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    Warning: one of the mortgage companies I have had IS Wells Fargo. As far as I have determined, they DO NOT apply your payment more often than once a month. Here's from their website on what a biweekly does for you:

    "Most lenders, including Wells Fargo Home Mortgage, offer a biweekly payment option, which allows borrowers to make a half-payment every two weeks, instead of one full payment every month. Since each year has 52 weeks, borrowers make 26 half-payments, which amounts to 13 full payments, or one extra payment per year. These payments can be automatically deducted from your checking or savings account, saving you the hassle of having to establish a new payment schedule on your own. Fees may apply. Please contact a mortgage consultant for details."

    Notice how the only benefit they mention is an extra payment per year. I don't think it's a coincidence that they leave out the much bigger benefit of interest reduction. Of course, what I read at the time was the application, not just website hype, which said (in small print) that they won't apply the payment more than once a month. That may not be right, I can't be sure that theirs was one I actually investigated, but I'm pretty sure it was, and the website message backs that up in my mind. So just yes, read it to be sure!

    Anyway, such a scheme isn't particularly necessary - it's just a shortcut for discipline. You can always just overpay and get the same, or better, benefits (i.e. don't pay the half-month's amount halfway into the month, pay the whole thing in the previous month! Or pay 5x as much! Or just pay off the whole house!). Any little extra you add makes a really big difference coming out the other end. Even read a book about it!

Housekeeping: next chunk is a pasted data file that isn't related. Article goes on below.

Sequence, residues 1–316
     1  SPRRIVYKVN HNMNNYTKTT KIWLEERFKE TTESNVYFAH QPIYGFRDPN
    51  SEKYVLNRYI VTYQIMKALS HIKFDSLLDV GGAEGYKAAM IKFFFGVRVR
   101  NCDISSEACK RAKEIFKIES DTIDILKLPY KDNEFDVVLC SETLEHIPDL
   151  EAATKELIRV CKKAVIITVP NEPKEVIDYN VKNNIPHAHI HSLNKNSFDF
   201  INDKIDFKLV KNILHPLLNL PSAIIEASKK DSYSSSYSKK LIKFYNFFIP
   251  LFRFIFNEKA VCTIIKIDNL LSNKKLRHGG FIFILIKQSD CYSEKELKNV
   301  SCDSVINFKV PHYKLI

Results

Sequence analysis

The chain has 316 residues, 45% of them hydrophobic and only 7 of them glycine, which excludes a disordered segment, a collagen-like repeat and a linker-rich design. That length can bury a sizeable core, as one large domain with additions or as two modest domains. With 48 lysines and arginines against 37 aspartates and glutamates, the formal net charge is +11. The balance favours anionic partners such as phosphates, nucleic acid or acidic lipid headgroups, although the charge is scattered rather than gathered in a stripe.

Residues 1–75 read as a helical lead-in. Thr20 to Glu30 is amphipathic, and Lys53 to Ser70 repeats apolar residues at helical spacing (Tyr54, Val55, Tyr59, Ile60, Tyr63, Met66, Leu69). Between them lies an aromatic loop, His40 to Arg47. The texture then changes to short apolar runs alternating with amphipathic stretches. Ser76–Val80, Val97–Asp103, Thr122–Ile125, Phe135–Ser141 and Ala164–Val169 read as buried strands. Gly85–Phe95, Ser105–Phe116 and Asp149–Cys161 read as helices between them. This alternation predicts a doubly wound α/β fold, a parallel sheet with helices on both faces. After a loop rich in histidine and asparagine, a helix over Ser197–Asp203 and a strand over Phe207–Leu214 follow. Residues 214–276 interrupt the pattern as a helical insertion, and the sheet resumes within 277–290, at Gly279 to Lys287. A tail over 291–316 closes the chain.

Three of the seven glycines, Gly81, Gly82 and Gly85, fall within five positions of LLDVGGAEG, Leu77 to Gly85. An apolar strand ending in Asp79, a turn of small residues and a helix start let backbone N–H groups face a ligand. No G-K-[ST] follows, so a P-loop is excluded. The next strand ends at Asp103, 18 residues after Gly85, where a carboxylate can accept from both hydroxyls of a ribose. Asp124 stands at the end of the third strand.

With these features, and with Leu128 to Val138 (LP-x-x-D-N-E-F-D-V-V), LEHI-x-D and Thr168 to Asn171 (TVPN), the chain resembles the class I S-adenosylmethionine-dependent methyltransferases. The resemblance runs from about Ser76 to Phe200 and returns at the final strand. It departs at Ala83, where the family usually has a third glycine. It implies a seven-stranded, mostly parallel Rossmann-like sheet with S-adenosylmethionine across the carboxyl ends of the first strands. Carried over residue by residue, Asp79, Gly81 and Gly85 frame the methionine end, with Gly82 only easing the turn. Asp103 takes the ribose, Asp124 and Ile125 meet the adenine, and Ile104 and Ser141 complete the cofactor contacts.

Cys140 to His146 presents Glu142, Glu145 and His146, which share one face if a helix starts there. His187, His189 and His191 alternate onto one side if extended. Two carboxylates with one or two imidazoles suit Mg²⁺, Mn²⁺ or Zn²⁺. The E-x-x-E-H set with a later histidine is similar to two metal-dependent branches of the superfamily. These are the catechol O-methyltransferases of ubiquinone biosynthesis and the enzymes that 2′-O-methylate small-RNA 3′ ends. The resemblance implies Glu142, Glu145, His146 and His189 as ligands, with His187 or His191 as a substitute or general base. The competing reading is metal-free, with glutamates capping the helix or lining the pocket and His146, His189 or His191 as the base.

10. Indiepath

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    As much I appreciate terin's efforts here I really think people should learn more about investing themselves before getting into it. "Indexes are great" cannot be a general rule that anyone could follow. My bank - for example - recommended Index funds... and said the fund has generated +15-30% per annum for 3 years. It sounded great... but when I looked at the time when the Index was founded (5 years ago) and compared the rate 5 years ago and today... the result was: index fund had generated +2-3% increase... in 5 years.

    Well, that's my thought about the issue.

    Don't buy stocks before you have stopped your habit of... ;)
    ... going to movies
    ... renting dvds
    ... eating candy
    ... drinking sodas
    ... eating at pizza house/macdonalds/whatnot
    ... drinking coffee at coffee houses
    ... buying milk that costs 10 cents more than the other type of milk

    More hints (agree with Greg here:)
    Pay yourself first
    Put monthly 20/50/100/200/whatever bucks in a bank account. 5% or 10% of your income. And don't touch it :)
     
  11. goodsol